• c) any electronic mail or electronic mail message for the purpose of causing annoyance or inconvenience or to deceive or to mislead the addressee or recipient about the origin of such messages shall be punishable with imprisonment for a term which may extend to three years and with fine.”

The terms “Electronic mail” and “Electronic Mail Message” mean a message or information created or transmitted or received on a computer, computer system, computer resource or communication device including attachments in text, image, audio, video and any other electronic record, which may be transmitted with the message, the act says by way of explanation.

The IT act was amended in 2008 to bring in changes following a sudden spate of terrorist attacks on Parliament, public places in Mumbai and other cities and towns.  And also, the misuse of cyber cafes, for sending messages through the Internet. Clauses A to F were included in the Section 66, where Sec 66F is quite vital as it deals with cyber terrorism. 

It remains to be seen whether the charges are valid.
 
In recent years, social media have been perturbing various governments, making them jittery, intolerant and hysterical. Within three days of Mahapatra’s arrest, social media have gone viral: more than 10 million netizens have posted comments and spoofed the arrest, poking more fun.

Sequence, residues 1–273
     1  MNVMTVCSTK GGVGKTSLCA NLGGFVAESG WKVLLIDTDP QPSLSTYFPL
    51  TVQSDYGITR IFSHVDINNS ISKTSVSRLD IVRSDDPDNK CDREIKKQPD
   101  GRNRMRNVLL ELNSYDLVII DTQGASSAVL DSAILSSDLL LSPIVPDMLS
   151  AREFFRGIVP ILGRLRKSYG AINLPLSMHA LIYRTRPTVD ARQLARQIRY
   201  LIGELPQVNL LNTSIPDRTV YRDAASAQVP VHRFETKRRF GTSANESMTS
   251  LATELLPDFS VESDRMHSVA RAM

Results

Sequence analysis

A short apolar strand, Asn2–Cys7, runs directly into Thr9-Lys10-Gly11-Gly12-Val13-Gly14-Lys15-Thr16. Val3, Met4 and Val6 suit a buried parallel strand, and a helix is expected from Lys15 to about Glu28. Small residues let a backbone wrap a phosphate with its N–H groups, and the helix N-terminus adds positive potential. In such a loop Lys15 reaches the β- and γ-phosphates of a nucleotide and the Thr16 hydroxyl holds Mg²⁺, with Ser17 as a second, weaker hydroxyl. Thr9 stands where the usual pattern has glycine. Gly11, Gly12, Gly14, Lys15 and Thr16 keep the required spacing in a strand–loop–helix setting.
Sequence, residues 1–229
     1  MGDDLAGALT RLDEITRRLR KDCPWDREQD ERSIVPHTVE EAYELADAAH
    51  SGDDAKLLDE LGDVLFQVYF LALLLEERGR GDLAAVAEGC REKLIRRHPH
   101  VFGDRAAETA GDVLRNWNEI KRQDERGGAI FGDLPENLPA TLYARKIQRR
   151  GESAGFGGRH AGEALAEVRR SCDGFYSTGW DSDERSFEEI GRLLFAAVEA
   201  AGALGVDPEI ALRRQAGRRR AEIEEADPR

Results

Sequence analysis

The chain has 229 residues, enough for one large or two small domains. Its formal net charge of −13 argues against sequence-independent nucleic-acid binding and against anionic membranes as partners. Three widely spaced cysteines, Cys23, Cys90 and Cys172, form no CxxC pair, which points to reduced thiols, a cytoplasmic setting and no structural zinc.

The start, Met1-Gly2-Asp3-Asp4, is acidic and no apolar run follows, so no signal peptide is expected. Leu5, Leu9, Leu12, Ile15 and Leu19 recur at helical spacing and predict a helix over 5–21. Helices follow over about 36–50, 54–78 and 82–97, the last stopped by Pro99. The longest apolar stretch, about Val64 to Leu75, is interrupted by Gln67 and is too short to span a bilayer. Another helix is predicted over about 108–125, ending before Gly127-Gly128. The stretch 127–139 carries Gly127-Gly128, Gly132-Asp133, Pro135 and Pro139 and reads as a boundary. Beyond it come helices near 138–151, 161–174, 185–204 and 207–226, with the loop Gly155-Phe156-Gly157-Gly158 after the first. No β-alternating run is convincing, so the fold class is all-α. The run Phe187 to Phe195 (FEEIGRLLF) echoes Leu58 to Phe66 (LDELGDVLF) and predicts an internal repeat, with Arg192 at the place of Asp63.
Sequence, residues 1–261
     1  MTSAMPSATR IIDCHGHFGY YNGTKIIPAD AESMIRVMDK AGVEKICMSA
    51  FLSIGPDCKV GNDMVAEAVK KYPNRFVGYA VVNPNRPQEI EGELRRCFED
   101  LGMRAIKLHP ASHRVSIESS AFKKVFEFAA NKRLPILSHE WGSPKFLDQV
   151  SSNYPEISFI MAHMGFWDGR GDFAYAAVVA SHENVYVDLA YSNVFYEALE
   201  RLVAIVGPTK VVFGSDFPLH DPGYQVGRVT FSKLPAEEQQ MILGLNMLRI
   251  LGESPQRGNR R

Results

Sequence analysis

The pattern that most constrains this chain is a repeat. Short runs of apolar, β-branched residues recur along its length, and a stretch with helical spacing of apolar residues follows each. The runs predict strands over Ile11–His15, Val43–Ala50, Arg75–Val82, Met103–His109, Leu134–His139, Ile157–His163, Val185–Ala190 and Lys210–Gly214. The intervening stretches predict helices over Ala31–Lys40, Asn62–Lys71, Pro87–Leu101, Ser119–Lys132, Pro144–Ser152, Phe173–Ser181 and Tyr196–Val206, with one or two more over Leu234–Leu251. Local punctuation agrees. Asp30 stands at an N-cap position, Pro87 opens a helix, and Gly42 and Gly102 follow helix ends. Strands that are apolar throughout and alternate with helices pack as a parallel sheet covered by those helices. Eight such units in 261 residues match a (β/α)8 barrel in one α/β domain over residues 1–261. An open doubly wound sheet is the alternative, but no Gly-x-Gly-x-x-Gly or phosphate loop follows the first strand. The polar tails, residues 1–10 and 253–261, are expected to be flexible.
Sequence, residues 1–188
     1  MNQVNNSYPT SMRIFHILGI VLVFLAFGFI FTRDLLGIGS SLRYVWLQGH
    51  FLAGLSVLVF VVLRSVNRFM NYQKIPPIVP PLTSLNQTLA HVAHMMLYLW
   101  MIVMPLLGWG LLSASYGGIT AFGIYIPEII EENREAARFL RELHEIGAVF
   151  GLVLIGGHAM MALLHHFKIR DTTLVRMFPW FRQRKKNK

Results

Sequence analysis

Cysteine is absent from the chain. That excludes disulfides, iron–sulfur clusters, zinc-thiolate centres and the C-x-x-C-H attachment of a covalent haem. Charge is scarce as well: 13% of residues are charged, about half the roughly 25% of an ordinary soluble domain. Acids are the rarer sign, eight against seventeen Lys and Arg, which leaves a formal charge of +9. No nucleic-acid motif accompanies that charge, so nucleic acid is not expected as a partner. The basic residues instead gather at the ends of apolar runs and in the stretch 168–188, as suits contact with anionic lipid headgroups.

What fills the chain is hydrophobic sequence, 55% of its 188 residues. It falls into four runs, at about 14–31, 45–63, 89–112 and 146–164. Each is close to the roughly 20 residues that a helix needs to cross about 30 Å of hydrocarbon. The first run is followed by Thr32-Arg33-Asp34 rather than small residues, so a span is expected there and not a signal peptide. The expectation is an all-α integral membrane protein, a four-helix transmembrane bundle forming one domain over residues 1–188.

To add more histrionics, the state government has reportedly deputed a crack team of about 450 members of the Trinamool students’ wing to infiltrate Facebook, Twitter, Orkut and other networking sites. The team’s target—derogatory pictures, posts and remarks against the Poschimbanga stormy petrel, her party and the government. Mamata has a gigantic mission ahead—to hunt for a needle in a haystack.

Just a day after the arrest, the Kerala Cartoon Academy (KCA), a 30-year-old academy with more than 100 members, launched its 49th exhibition of cartoons on Mamata on its website keralacartoonacademy.c0m. 

The cyber space is free for all and scouring the deep maze is a Herculean task. Besides, the Indian Constitution, under Article 19 (1) (a), guarantees freedom of speech and expression to all citizens. “The arrest is a clear assault on the minimum democratic right of freedom of expression,” cartoonist and KCA chairman Prasannan Anikkad writes. The website displays around 50 cartoons, most of them on Mahapatra’s arrest.

Assuming her team of young “sleuths” is successful in tracing the “culprits”, who already run into millions, can her government arrest all of them, on charges of abetting crime, from across the world? Is there a gigantic police force in West Bengal? Will jurisdiction issues not surface? Her critiques may be spread wide over. Even if she hoards them all from across the world, does she have jail rooms in the State to lodge them? Even if she shelters them, are there countless courts and judges to try them?

And by the time Didi succeeds in arresting the abettors, cases are filed and trials start, will she be in the saddle? Is this why the West Bengal masses elected her, banishing a 34-year Left rule? 
 

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17-Apr-2012
More by :  K.V. Venkatasubramanian